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Proceedings of Past Forest Nursery Association Meetings:

The Target Seedling Concept: Implementing a Program
Robin Rose and Diane L. Haase
1995: Mitchell, IN
The Target Seedling Symposium in 1990 (Rose et al) covered a range of topics surrounding
the target seedling concept. The usefulness of stock type designations was found to be less
than worthy where there is a necessity to set criteria for reforestation success. Height and
stem diameter were found to be useful target traits in seedlings, but these traditional measures
of quality require support from other seedling traits in order to be useful. Root growth
potential was not found to be quite as useful in pinpointing reforestation success as
previously thought. Root system size was clearly shown to greatly enhance the ability to
quantitatively assess quality. Mycorrhizae play an important role in reforestation success in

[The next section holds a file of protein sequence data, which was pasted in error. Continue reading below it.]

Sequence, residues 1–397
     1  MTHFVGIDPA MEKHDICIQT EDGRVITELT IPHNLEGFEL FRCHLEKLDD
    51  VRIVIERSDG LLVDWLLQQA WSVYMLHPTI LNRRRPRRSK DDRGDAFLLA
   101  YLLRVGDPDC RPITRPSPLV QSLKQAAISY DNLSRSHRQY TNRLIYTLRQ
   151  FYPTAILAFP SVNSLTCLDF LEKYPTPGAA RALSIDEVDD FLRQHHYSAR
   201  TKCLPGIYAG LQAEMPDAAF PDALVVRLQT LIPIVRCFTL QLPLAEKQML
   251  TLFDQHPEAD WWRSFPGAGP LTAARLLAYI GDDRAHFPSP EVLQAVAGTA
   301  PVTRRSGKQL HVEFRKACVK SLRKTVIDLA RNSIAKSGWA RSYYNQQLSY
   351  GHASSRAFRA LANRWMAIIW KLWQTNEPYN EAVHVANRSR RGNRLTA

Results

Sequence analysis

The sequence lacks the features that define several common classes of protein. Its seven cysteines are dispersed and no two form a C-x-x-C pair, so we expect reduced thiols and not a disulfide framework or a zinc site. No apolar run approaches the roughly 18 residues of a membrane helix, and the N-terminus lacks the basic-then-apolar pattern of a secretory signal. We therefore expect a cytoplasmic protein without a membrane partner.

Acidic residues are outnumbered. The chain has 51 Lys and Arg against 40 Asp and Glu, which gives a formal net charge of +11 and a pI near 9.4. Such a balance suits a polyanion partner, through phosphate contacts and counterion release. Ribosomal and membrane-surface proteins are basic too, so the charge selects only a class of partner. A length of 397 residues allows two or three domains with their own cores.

some areas and their presence or absence can have subtle impacts on how seedlings perform.
Bud dormancy and cold hardiness in temperate tree species can have profound impacts on
seedling field performance Seedling moisture status is key to lifting seedlings in spring and
ensuring their ability to survive the first few weeks after outplanting when new roots are
being formed. And lastly, mineral nutrition is a vital link with reforestation success.
Seedlings sent to the forest with nutrient imbalances are likely to suffer growth set backs
even when environmental conditions are good. Seedling quality testing using the above
mentioned traits is an integral part of all of this and forms the basis for discovering which
traits will work best as successful reforestation criterion.
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